In our last installment, Fergus had transitioned seamlessly into Easyboot Gloves with nary a hiccup and Roo was well on the way to keeping boots on his feet. We were practically “experts”, smug in the knowledge that everything was going so well.


Fergus and Patrick got a month or so off after the Death Valley ride (OK, so it was raining, and they don’t “do” rain) but as spring sprung, they started back on the trails.

Almost immediately they began to have problems with their Easyboot Gloves. Fergus would be trolling along, minding his own business, and suddenly a Glove would have flipped off and be twisted around the front of his foot for no discernible reason.

Of course, the more often this happens, the more trashed your gaiters become. Under normal circumstances, the gaiters are quite strong enough to withstand everyday use. However being twisted around a large foot and then wrenched this way and that does not constitute “everyday use”.


What was the problem?? Had I gone bezerko and rasped Fergus’ feet into tiny stubs? Had they shrunk in the wet weather? What??

It seems that the issue is Gloves stretch with use. Maybe because Fergus is so big and heavy (he blots out the sun when you stand next to him) they stretched even quicker. Either way, a remedy was needed in the form of Power Straps.

As I understand it, Gloves were originally designed with Power Straps – until it was discovered that they were unnecessary for many horses so they became an add-on accessory.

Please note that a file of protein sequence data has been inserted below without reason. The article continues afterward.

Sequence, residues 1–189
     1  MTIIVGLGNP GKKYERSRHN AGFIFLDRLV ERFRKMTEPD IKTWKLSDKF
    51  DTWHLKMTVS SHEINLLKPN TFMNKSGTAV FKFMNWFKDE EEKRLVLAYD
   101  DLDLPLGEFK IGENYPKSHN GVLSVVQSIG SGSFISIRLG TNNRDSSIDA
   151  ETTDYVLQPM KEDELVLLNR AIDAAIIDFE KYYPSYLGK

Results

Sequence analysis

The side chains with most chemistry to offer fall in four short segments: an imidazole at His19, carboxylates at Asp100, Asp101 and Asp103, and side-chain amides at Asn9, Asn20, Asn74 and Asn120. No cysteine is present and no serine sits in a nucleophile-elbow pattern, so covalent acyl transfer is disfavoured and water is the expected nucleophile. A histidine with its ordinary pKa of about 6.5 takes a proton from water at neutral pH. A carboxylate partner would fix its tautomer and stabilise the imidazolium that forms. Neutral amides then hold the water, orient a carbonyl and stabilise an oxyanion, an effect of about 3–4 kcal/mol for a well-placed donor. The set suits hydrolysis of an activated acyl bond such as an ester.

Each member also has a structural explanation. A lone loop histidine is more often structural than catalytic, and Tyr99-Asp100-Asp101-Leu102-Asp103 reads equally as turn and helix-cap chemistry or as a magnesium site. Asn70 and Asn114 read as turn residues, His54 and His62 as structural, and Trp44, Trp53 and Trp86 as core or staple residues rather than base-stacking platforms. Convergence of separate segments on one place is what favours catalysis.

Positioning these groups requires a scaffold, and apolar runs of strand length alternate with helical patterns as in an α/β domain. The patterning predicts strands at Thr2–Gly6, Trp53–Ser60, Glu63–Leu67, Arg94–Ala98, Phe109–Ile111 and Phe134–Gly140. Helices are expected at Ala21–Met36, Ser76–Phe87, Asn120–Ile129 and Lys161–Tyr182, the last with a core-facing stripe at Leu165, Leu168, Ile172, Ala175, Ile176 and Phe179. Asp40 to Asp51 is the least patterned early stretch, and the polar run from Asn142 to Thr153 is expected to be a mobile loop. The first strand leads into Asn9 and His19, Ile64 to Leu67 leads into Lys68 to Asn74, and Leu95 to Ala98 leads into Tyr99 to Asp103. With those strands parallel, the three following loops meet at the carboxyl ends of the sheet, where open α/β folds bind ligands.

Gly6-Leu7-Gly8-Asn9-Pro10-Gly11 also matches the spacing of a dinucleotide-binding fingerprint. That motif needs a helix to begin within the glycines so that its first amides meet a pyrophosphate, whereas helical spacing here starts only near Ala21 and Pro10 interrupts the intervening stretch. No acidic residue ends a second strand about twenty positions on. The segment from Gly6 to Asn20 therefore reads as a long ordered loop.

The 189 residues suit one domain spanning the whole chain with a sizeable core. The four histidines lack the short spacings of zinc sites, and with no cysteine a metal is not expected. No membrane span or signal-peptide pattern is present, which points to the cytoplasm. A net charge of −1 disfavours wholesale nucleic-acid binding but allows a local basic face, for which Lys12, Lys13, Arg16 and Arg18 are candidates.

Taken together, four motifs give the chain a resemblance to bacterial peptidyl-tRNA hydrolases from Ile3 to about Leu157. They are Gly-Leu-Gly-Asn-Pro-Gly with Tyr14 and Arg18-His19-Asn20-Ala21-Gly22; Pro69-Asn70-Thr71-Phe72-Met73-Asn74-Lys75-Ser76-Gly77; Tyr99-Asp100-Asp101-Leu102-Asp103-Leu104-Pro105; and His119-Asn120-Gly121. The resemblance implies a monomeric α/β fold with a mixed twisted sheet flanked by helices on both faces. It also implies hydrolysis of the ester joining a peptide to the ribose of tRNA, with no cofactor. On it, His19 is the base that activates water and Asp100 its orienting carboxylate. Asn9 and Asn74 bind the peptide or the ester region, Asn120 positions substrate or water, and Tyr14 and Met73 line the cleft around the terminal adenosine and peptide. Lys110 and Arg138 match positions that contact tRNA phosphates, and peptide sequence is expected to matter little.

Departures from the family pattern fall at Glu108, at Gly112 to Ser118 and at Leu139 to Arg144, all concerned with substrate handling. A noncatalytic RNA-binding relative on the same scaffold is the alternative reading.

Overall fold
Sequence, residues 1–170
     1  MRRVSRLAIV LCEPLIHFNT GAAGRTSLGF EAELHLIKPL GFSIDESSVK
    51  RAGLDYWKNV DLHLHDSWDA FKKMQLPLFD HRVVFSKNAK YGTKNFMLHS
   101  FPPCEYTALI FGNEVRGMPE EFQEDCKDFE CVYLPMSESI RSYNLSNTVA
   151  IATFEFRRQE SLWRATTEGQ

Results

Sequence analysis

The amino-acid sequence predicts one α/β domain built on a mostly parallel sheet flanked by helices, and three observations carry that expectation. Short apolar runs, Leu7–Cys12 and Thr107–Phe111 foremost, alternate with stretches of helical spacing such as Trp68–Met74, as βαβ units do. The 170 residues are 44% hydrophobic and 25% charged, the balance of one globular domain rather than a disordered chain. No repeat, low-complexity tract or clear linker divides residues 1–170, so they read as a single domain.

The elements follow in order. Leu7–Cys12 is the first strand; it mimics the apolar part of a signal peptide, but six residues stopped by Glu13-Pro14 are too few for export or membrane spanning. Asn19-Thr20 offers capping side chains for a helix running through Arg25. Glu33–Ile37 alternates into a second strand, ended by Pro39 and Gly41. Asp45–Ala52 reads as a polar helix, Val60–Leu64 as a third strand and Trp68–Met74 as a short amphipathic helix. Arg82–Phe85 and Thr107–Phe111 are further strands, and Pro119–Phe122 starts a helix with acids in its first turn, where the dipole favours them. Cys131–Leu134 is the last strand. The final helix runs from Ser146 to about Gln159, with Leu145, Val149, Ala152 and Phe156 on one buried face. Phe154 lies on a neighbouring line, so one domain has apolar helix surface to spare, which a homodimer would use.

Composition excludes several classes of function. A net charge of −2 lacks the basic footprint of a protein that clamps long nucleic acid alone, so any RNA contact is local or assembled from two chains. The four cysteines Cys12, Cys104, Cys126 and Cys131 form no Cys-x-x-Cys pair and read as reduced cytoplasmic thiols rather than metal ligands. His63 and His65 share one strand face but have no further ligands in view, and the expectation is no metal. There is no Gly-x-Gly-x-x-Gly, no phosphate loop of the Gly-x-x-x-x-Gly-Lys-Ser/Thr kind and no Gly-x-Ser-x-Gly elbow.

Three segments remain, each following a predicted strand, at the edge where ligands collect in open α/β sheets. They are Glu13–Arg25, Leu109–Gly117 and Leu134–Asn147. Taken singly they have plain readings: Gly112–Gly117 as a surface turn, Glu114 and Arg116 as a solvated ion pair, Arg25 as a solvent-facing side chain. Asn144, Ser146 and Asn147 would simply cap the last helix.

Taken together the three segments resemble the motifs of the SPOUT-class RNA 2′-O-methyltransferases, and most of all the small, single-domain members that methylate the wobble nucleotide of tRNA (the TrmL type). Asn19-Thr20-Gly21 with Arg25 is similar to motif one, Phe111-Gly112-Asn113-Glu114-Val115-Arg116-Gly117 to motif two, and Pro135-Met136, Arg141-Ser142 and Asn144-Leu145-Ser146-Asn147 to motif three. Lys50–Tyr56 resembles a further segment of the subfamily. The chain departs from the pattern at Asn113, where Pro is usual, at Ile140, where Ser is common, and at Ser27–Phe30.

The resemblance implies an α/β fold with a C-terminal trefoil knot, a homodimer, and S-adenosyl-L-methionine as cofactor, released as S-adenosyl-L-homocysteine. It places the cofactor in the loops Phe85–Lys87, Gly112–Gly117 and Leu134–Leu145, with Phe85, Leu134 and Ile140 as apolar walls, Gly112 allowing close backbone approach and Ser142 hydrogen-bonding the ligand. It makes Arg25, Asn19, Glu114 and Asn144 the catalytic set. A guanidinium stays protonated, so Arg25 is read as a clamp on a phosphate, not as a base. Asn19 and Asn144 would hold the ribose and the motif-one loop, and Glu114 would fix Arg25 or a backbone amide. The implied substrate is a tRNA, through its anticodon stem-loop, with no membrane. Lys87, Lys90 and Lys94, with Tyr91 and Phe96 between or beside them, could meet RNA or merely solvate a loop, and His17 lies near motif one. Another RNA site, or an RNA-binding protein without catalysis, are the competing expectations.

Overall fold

Power Straps come in cool colours so you easily can identify who’s boots are who’s – very helpful when you’re trying to boot three horses and are confronted with a mound of black rubber (I’ve since realised the nifty trick of giving each horse his own colour-coded boot bucket).

Best of all, when your horse wears odd sized boots, you can put a different colour strap on each one and then promptly forget which colour goes on which foot.

The downside of Power Straps is that your formerly-easy-to-put-on boots have now become tighter and you now need to wrestle them on with a rubber mallet and some brute force.

But the old adage holds true – easy on, easy off (usually when you least want it to).

And conversely, the harder they are to put on, the more likely your Gloves are to stay attached to the foot in question.

Luckily, like the boots themselves, after a few applications, the Power Straps seem to mold to the shape of your horse’s feet and your newly-boingy Gloves get easier and easier to wangle on (provided you have a rubber mallet and can curse).

Patrick says he got the Power Straps backwards – the green ones should have gone on the front:

But voila – boots now stay on, large horse goes down trail:

Patrick and Fergus high above hw-49 near the Confluence of the North and Middle Forks of the American River. Foresthill Bridge in the background.

And so, once again we found out that Gloves need some tweaking. Remember this is the real world where boots don’t just get put on and stay there. Just because you thought they fit perfectly, and indeed they worked perfectly the first few times, doesn’t mean to that you aren’t going to struggle like the rest of us.

The natural order of boots goes:

  • Boots fit wonderfully. Rider is smug.
  • Boots start to fall off, trashing gaiters. Rider curses.
  • Rider puts Power Straps on boots. Boots stay on. Rider is smug.

Next Time
Fergus’ feet shrink again and Roo gets the last laugh.


  1. THat Natural Order seems accurate, i should try to put the power straps on. I think u know my mishap at AR this past weekend 😛